SCOTTSDALE — Ricky Romero had been facing hitters before the Blue Jays released him last April, so it came as a surprise when his new team, the Giants, took exception to a simple act at their minor league facility.
“They saw me playing catch for the first time and said, ‘You’re not ready for mound work,’” Romero said Saturday. “I was like, ‘But I was just throwing live BP.’”
The Giants insisted that Romero take a step back, start from square one, and get healthy. They told him they didn’t want him for the 2015 season, but rather for 2016. Romero had gone under the knife twice within eight weeks in 2014, repairing torn quad tendons in each leg. His doctor said he had never really seen anything like the double-injury, which Romero attributes to years spent running on pavement and bleachers.
The 31-year-old former All-Star has now nearly come full circle, and on Saturday he took a big step back toward finding his old self, pitching 1 2/3 innings as the starter at Scottsdale Stadium. Romero, a big smile on his face, said this was the biggest crowd he had pitched in front of in three years.
“I’m happy to be here,” he said. “To be able to get another shot with a team like this is humbling.”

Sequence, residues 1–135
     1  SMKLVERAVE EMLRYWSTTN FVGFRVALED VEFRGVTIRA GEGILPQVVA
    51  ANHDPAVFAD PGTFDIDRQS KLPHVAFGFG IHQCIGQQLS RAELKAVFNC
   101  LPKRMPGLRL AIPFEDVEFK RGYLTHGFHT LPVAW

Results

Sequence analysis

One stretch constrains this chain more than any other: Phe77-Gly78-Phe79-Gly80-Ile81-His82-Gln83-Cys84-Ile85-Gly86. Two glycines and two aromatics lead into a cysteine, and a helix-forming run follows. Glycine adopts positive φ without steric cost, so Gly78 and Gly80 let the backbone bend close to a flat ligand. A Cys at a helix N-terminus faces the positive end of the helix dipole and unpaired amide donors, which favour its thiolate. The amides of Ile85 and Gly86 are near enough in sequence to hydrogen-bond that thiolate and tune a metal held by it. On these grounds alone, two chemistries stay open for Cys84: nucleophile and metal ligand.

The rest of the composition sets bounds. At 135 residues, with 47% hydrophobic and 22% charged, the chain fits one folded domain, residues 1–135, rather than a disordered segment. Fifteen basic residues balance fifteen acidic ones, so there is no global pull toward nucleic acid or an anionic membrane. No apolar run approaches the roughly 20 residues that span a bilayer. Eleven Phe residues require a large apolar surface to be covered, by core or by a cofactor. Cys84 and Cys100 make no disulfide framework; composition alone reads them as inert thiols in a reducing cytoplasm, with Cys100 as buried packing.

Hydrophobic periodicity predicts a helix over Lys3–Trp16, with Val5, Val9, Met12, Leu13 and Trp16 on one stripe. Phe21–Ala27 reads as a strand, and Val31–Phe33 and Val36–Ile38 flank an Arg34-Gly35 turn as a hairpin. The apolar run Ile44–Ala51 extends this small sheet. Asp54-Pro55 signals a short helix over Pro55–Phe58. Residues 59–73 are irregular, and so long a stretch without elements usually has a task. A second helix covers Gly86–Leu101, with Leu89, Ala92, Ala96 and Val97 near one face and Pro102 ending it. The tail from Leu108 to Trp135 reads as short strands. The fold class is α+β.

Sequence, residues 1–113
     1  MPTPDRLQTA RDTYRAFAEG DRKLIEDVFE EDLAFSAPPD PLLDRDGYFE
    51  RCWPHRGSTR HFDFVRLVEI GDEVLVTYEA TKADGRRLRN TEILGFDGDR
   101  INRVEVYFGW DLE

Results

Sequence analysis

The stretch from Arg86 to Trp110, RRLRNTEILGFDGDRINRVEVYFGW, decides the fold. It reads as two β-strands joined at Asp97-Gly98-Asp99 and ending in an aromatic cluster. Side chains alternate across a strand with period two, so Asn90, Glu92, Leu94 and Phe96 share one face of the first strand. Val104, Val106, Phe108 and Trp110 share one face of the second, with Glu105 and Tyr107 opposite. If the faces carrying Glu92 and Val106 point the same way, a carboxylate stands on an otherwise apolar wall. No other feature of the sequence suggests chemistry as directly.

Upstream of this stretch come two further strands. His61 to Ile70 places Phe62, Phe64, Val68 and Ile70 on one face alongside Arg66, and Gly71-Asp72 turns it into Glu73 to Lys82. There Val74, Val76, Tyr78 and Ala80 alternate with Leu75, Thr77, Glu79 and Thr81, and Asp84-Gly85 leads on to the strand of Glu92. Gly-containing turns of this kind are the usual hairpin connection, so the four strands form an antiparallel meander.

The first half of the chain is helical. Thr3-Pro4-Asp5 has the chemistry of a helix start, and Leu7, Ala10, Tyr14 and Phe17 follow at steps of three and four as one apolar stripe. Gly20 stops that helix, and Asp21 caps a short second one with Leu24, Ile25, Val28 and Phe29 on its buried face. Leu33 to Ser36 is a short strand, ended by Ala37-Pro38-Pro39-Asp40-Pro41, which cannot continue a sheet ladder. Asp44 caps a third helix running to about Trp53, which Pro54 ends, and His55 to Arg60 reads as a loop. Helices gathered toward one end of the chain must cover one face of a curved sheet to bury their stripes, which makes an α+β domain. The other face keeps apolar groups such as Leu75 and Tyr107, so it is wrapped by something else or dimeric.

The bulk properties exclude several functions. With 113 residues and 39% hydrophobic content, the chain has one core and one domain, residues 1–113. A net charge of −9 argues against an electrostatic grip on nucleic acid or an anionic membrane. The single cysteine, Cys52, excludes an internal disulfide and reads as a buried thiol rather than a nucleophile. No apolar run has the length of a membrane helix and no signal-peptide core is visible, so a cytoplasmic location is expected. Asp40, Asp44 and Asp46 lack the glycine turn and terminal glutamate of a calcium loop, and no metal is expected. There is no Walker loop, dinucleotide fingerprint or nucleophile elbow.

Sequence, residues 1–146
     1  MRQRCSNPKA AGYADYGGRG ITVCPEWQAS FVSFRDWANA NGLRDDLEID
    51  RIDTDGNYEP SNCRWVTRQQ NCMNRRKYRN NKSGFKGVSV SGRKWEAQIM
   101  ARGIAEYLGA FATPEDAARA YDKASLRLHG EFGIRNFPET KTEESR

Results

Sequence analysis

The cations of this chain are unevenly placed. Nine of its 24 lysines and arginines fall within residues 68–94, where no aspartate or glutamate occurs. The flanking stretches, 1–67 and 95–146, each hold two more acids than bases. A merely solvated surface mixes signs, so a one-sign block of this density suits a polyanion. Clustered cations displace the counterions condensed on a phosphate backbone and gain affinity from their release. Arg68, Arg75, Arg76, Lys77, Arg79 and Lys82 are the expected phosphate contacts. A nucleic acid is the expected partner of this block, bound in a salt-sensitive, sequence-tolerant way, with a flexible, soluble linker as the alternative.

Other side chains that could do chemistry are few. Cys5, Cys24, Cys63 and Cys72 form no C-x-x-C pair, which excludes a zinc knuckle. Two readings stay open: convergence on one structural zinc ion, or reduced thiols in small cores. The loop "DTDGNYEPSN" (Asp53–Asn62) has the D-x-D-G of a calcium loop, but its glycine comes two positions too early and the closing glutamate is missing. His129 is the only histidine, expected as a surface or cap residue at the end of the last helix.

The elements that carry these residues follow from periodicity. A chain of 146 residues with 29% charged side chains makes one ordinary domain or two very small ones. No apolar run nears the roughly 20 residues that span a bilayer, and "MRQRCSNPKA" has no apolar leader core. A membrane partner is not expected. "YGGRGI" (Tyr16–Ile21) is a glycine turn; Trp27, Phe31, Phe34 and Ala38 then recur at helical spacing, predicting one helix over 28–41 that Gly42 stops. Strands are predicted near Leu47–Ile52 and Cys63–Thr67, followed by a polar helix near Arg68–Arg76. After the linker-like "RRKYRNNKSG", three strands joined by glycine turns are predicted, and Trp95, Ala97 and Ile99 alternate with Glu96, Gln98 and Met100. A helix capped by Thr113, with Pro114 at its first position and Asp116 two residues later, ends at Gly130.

[RELATED: Cueto scratched from spring training game]
Romero comes with more promise than your average 31-year-old non-roster invitee. He was an All-Star in 2011 and finished 10th in the Cy Young Award balloting after going 15-11 with a 2.92 ERA in 225 innings for the Blue Jays. His numbers cratered the next year and a relief appearance in the final weeks of the 2013 season still stands as his last in the big leagues.
The injuries derailed Romero’s career, and the Blue Jays released him a decade after making him the sixth overall pick in the draft and five years after giving him a $30 million deal. Having helped Romero get healthy, the Giants are eager to get a look at him this spring, knowing that you can never have enough starting pitching help in Triple-A.
“He knows how to pitch, he gives us depth,” manager Bruce Bochy said early in camp. “Anytime you have a guy with his success and experience, that’s intriguing. The fact that he’s left-handed made us bring him back to see what he has.”
The Giants have just one lefty — albeit it an All-World one — in their rotation and their best starting prospects are right-handed. When Johnny Cueto’s debut was pushed back this week, the Giants gave Romero his shot. He said he felt some jitters and nerves in the first inning, but he got through his day without giving up a run. Romero allowed one hit, walked two and struck out two. He hopes this is just the beginning of his journey with the Giants.
“They did the job of signing me back,” Romero said. “Now my job is helping them in whatever way I can help them.”